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United States v. Williamson

United States District Court, D. Maine

October 4, 2018

UNITED STATES OF AMERICA, Petitioner
v.
ANDREW WILLIAMSON, Respondent

          RECOMMENDED DECISION ON PETITION TO ENFORCE IRS SUMMONS

          John H. Rich III United States Magistrate Judge.

         On April 18, 2018, the government filed a petition pursuant to 26 U.S.C. §§ 7402(b) and 7604(a) to enforce an Internal Revenue Service (“IRS”) summons that had been served upon respondent Andrew Williamson on August 17, 2017. See Petition To Enforce Internal Revenue Service Summons (“Petition”) (ECF No. 1). The following day, I ordered Williamson to appear before the court on May 30, 2018, to show cause why he should not be compelled to comply with the summons. See ECF No. 3. The day before that hearing, on May 29, 2018, the government filed the first of three motions, all of which I granted, for a continuance of the hearing to enable Williamson's voluntary compliance with the IRS summons. See ECF Nos. 4-12.

         Williamson neither complied with the summons nor appeared for the hearing ultimately scheduled for September 17, 2018. The government filed a Motion for Issuance of Report and Recommendation Enforcing Internal Revenue Service Summons (“Motion”) (ECF No. 13). I grant the Motion. Based on the government's showing in support of the Petition and Williamson's failure to appear and show cause why an order should not issue, I recommend that the court grant the Petition and order Williamson to comply with the summons within seven days of the court's order.[1]

         I. Background

         The Petition is supported by the Declaration of Revenue Officer Meredith West, which is attached thereto as Exhibit B and made under penalty of perjury. Attached to the Petition as Exhibit A are the associated summons and certificate of service. On the strength of the prima facie showing set forth in the declaration, I ordered Williamson to appear before the court on May 30, 2018, to show cause why he should not be compelled to comply with the summons. See ECF No. 3.

         On May 29, 2018, the government moved to continue that hearing, stating that the IRS revenue officer assigned to the case had spoken to Williamson by telephone and that, although Williamson had indicated a willingness to comply with the IRS summons, he was unable to appear for the scheduled hearing. See ECF No. 4 at 1, ¶¶ 3-4. I granted that motion, and the hearing was reset for June 28, 2018. See ECF Nos. 5-6.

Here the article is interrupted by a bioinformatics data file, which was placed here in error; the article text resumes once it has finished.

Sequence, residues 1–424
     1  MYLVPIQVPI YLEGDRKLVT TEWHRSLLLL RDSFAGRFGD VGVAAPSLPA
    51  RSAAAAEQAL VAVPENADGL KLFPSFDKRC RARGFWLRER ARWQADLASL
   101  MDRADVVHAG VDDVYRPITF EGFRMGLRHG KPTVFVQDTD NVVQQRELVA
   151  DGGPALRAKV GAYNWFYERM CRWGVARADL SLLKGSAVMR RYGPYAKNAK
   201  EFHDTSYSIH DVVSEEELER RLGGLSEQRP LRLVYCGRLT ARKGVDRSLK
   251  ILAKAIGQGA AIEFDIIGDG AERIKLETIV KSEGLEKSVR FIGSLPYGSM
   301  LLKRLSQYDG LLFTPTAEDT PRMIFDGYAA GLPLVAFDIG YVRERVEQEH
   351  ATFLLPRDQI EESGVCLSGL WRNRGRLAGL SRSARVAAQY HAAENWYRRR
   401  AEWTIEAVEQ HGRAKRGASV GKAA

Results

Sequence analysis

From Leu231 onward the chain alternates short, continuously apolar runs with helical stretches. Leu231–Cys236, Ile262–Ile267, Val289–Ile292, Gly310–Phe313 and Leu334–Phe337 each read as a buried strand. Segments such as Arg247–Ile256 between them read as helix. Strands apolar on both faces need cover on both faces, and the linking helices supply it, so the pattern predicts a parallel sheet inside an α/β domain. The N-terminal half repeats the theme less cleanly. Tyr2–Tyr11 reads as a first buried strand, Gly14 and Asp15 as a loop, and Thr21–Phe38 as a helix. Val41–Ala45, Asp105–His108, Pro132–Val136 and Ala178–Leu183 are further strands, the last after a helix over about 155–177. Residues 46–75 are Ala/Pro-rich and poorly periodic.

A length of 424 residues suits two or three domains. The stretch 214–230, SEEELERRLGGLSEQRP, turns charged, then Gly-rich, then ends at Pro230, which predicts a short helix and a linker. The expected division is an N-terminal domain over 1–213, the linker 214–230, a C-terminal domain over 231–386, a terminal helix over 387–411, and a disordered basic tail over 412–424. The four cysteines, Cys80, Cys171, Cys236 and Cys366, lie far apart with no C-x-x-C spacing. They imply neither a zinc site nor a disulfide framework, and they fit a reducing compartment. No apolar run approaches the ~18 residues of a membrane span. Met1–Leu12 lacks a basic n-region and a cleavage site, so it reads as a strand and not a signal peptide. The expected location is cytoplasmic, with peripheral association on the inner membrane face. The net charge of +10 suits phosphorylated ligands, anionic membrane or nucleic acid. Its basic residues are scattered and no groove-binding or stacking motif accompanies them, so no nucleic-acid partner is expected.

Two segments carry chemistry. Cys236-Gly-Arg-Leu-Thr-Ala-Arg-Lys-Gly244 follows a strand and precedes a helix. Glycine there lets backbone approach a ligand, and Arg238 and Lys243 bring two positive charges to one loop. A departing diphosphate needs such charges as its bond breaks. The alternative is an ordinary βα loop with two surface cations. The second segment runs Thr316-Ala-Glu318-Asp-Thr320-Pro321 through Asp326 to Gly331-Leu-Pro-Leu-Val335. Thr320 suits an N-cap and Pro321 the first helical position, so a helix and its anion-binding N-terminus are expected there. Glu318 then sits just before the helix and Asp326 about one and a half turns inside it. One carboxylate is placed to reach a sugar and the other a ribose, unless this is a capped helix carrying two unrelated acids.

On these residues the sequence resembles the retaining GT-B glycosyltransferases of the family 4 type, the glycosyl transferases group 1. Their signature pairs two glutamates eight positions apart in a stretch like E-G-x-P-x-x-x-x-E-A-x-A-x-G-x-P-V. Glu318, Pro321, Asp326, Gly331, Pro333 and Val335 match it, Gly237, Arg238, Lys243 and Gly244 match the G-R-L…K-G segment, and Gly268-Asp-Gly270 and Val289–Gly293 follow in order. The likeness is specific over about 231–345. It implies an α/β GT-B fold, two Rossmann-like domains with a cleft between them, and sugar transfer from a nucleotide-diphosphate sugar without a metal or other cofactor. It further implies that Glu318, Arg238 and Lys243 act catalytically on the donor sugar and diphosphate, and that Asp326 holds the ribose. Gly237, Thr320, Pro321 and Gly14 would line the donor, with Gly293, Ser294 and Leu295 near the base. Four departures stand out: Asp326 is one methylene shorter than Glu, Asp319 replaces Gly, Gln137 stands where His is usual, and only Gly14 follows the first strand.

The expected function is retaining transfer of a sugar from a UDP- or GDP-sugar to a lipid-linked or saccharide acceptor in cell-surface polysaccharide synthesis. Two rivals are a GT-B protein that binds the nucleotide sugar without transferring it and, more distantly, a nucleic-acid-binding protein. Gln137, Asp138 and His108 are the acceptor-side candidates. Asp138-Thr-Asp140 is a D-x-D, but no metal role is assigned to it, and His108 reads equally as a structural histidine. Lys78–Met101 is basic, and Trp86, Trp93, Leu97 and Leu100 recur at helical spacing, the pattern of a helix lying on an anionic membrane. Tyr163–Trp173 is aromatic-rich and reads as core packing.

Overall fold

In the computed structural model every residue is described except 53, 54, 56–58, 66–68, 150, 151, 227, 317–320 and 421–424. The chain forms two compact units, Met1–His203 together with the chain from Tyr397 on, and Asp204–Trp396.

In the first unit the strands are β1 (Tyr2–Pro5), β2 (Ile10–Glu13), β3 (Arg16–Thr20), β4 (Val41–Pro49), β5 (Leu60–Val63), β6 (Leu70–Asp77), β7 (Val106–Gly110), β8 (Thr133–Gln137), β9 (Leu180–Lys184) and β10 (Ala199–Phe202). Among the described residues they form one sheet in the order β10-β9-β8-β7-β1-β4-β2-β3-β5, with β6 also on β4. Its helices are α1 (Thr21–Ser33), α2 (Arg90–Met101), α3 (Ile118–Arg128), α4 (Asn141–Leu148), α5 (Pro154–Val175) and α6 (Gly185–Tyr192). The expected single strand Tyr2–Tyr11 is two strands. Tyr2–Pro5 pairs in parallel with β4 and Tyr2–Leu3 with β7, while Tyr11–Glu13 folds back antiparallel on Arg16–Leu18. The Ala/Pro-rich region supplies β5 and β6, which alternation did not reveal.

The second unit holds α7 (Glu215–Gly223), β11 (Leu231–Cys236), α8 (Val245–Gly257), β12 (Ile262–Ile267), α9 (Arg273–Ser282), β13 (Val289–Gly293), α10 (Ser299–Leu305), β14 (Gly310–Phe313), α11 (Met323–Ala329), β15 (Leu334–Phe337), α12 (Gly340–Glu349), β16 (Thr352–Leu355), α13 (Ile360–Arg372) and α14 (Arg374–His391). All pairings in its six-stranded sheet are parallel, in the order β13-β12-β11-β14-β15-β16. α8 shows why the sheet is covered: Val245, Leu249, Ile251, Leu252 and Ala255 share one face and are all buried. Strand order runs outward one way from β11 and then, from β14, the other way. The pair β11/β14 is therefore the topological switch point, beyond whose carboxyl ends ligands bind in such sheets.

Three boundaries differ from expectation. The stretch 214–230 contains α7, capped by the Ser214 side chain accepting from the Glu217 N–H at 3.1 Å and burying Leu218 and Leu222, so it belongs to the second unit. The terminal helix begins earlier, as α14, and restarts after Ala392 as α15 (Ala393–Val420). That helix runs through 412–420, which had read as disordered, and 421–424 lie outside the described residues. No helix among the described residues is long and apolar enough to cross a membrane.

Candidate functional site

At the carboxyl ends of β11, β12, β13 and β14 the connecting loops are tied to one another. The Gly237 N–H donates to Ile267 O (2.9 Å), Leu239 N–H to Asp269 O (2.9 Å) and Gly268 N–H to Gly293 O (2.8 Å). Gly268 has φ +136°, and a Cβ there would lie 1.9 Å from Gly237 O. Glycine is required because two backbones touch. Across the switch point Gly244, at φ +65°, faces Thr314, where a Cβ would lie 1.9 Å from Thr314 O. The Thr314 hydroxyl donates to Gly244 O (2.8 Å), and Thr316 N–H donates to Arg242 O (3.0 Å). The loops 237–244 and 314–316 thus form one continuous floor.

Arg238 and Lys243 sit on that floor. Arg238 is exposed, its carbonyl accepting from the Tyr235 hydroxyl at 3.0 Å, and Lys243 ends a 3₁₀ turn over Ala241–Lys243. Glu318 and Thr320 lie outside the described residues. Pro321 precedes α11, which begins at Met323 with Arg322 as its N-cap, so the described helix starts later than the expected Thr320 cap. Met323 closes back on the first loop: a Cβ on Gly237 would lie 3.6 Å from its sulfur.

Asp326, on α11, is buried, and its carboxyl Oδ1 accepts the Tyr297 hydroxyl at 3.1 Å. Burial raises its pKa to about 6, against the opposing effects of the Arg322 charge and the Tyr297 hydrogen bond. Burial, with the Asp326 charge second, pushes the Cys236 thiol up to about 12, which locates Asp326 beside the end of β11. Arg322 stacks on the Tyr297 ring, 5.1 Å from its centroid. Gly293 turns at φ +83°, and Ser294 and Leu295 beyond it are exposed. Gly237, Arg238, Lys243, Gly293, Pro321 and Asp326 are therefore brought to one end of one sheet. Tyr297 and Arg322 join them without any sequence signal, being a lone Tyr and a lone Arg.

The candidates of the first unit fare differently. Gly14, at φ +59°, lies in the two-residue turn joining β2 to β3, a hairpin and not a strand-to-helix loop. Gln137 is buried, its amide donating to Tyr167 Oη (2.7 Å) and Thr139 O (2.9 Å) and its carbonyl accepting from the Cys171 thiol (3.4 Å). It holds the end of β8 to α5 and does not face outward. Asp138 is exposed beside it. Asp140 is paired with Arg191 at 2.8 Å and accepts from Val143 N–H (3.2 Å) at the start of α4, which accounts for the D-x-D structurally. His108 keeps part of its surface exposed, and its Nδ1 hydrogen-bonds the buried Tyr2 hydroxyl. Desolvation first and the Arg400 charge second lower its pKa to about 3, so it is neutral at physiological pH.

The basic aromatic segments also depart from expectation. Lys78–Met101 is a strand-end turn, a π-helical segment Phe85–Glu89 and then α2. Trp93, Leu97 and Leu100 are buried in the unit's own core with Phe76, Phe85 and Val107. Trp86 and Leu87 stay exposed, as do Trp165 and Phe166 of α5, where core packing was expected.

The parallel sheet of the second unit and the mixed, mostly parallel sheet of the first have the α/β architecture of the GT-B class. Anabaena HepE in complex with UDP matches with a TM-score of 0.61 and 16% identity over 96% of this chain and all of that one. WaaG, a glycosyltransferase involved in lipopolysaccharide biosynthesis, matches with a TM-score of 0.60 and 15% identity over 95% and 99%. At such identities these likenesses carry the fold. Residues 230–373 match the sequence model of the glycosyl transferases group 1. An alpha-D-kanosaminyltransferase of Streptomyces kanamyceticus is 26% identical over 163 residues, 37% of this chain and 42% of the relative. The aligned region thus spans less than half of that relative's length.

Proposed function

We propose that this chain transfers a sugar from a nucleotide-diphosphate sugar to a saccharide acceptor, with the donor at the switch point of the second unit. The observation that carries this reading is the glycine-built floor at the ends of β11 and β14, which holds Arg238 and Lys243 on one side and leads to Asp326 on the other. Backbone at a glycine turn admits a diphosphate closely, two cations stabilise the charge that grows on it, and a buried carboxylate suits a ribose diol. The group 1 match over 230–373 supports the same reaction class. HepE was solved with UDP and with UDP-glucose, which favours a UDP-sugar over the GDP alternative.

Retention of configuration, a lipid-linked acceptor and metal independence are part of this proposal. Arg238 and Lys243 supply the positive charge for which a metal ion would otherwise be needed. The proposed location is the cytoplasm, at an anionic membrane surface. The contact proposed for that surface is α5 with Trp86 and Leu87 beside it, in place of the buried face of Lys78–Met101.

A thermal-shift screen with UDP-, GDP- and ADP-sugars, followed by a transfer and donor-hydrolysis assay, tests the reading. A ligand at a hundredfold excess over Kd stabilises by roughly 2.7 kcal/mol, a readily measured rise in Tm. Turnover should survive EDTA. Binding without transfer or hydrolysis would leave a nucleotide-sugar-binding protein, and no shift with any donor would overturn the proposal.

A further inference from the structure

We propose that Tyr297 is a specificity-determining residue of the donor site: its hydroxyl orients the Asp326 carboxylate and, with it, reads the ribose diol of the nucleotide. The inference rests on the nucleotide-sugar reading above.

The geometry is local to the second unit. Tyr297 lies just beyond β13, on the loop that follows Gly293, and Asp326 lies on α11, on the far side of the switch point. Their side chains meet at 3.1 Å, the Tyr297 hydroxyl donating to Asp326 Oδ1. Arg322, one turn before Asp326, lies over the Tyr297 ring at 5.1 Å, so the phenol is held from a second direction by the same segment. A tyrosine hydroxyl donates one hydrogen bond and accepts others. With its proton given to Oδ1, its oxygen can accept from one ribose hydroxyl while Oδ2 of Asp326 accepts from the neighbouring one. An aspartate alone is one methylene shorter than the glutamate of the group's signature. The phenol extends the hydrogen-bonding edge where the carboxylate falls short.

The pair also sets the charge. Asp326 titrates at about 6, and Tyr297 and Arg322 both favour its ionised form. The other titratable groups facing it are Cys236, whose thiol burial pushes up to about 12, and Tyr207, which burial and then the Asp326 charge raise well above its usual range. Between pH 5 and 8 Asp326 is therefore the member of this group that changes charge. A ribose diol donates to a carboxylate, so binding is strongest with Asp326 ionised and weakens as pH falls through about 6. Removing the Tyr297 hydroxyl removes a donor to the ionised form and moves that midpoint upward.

On June 26, 2018, the government filed a second motion to continue the hearing, stating that the IRS revenue officer had met with Williamson and, although a second meeting was expected to occur that day or the following day, Williamson needed further time to comply fully with the summons. See ECF No. 7 at 2, ¶¶ 5-6. I granted the second motion, and the hearing was reset for August 28, 2018. See ECF Nos. 8-9.

         On August 22, 2018, the government filed a third and “final” motion to continue the hearing, stating that Williamson had ceased to have further contact or communications with the IRS revenue officer and appeared virtually certain not to appear for the August 28 hearing. See ECF No. 10 at 2, ¶¶ 4-5. The government sought a two-week continuance to allow Williamson a final opportunity to comply with the summons. See id. at 2, ¶ 5. I granted the third motion, and the hearing was reset for September 17, 2018. See ECF Nos. 11-12. After Williamson failed to appear at the hearing, the government filed its motion seeking a recommended decision that the court enforce the summons. See Motion; [Proposed] Recommended Order Enforcing Internal Revenue Service Summons (ECF No. 13-1), attached thereto.

         II. Discussion

         This matter comes before the court pursuant to 26 U.S.C. §§ 7402(b) and 7604, which confer jurisdiction on the district court to enforce an IRS summons by compelling a person to appear, testify, and produce books, papers, and other documents or data in response to an administrative summons. The only jurisdictional prerequisite is that the person must reside in, or be found in, the district. See 26 U.S.C. § 7402(b). Williamson resides in Jefferson, Maine. See Petition at 1, ¶ 3.

         In order to obtain enforcement of an IRS administrative summons, the government need demonstrate only

that the investigation will be conducted pursuant to a legitimate purpose, that the inquiry may be relevant to the purpose, that the information sought is not already within the [IRS] Commissioner's possession, and that the administrative steps required by the [Internal Revenue] Code have been followed - in particular, that the “Secretary or his delegate, ” after investigation, has determined the further examination to be necessary and has notified the taxpayer in writing to that effect.

United States v. Powell, 379 U.S. 48, 57-58 (1964). See also Copp v. United States, 968 F.2d 1435, 1437 (1st Cir. 1992). An IRS administrative summons may not be issued solely for the purpose of aiding in a criminal investigation. Id.

         If this showing is made, the burden effectively shifts to the respondent to demonstrate good cause for a failure to comply with the summons; for example, that “the summons had been issued for an improper purpose, such as to harass the taxpayer or to put pressure on him to settle a collateral dispute, or for any other purpose ...


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